Prokofiev was not known mainly as a symphonist, but listening to the Berlin Philharmonic play the entire cycle convinces me that he has not been properly appreciated. The First is of course the most often played, and while a charming pastiche, was merely a youthful warm-up for the works that were to follow. I find the Second to be incredible, a modernist masterpiece. Prokofiev moved toward a more lyrical, romantic style as he matured, but the Second Symphony is one of the great achievements of his earlier period. The Third and Fourth both developed from operas, "The Fiery Angel" and "The Prodigal Son." They are the least successful as symphonies, it seems to me, but are still tremendously enjoyable, especially as played by the BPO. The Fifth and Sixth are generally seen to be Prokofiev's best symphonies, especially the Sixth. I can see why, though if I had to choose two, I would say the Second and Sixth. The Sixth got Prokofiev in trouble, denounced for "formalism," and the Seventh was part of his rehabilitation. It is a lovely piece, but lacking the depth and innovation of earlier works.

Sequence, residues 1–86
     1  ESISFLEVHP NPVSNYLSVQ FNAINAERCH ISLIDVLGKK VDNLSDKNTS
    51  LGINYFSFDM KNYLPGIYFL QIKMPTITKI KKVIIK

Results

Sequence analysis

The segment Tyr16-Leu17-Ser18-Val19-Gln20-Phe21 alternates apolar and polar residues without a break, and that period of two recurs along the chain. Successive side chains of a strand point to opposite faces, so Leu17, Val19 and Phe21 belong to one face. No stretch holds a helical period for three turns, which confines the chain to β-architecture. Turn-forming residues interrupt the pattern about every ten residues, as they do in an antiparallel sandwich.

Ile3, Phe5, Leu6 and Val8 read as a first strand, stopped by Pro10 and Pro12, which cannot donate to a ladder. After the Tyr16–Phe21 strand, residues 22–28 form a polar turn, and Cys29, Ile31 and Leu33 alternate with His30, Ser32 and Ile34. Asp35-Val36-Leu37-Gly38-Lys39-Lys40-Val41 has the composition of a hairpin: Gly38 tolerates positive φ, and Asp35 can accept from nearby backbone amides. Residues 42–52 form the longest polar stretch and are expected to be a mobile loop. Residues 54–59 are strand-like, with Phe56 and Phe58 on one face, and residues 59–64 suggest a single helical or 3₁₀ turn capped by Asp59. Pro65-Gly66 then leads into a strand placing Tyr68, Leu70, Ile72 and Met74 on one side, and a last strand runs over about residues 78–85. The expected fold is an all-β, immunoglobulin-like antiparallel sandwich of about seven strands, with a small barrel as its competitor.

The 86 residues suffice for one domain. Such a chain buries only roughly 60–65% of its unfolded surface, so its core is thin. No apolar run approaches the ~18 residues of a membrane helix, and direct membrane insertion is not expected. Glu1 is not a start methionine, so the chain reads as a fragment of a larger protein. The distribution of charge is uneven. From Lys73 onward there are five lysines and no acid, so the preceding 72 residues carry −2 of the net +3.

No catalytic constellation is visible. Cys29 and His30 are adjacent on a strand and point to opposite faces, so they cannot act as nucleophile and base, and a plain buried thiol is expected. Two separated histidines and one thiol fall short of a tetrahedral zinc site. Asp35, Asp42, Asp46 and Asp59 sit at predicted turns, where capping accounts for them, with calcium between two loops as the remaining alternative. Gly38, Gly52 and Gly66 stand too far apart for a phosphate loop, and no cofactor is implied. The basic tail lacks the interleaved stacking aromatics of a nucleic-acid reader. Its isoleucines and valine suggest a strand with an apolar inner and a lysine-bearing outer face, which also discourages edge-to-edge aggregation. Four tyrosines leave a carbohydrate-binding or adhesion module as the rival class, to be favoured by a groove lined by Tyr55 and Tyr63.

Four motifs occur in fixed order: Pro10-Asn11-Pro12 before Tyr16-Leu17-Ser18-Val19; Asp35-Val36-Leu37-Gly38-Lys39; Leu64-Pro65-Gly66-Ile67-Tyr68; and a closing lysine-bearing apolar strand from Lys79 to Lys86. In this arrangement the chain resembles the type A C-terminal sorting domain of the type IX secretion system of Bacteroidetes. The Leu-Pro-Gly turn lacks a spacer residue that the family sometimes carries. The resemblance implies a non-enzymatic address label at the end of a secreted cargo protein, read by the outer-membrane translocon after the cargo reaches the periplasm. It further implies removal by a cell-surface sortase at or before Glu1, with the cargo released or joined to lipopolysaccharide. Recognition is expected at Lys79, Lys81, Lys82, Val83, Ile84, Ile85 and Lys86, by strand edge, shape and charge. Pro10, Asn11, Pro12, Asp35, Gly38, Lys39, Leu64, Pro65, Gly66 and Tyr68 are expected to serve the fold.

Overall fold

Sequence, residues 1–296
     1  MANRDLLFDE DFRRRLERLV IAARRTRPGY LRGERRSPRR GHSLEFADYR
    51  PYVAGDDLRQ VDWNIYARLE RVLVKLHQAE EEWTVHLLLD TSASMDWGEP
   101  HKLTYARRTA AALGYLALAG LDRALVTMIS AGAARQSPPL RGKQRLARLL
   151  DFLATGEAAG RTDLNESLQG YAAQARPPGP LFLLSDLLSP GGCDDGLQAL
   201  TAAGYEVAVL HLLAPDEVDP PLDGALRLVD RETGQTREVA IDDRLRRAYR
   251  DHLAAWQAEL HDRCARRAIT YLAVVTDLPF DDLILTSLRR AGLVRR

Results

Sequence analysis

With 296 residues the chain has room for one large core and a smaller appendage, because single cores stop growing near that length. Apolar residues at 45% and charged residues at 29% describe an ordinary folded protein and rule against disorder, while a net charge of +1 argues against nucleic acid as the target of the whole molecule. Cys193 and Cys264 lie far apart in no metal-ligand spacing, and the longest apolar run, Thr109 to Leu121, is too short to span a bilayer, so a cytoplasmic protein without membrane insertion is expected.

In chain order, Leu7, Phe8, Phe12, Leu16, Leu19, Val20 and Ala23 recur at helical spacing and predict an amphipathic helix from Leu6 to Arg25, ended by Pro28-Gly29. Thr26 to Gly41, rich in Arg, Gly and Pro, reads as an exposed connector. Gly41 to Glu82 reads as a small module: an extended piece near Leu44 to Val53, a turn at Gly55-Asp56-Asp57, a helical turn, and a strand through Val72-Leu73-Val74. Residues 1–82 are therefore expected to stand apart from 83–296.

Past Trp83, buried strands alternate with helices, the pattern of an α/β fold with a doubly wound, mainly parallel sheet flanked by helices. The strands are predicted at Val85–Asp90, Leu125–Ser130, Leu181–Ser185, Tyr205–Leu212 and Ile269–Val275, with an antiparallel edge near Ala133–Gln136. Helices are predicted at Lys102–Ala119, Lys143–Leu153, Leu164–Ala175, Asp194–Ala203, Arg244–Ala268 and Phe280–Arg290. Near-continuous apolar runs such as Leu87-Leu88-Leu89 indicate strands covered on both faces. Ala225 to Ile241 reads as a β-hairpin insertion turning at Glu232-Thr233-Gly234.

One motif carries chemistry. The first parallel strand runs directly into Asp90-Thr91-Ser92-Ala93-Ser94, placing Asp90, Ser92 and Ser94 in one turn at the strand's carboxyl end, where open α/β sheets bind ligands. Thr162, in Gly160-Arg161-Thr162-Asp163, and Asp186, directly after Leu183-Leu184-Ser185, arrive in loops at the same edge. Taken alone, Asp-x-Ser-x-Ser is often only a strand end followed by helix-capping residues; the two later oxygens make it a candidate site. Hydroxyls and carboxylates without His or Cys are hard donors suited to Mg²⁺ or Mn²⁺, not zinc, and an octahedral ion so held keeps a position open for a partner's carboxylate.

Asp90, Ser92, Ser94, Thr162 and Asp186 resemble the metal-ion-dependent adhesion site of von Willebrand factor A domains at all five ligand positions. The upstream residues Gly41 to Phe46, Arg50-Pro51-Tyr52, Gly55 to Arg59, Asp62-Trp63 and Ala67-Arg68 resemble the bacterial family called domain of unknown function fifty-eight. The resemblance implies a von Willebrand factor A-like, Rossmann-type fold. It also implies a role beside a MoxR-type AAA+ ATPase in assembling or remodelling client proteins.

This set is magnificent on every level, from performance, to Ozawa's conducting, to DG's beautiful package. The cover photo of steel girders captures the hackneyed notion of "the Soviet composer," and is really only appropriate for the steely constructivism of the Second Symphony, but excellent design nonetheless. There are no plastic jewelcases -- each disc comes in its own sleeve, like a vinyl LP, resting in a box along with the informative booklet. This is a package that this splendid music deserves.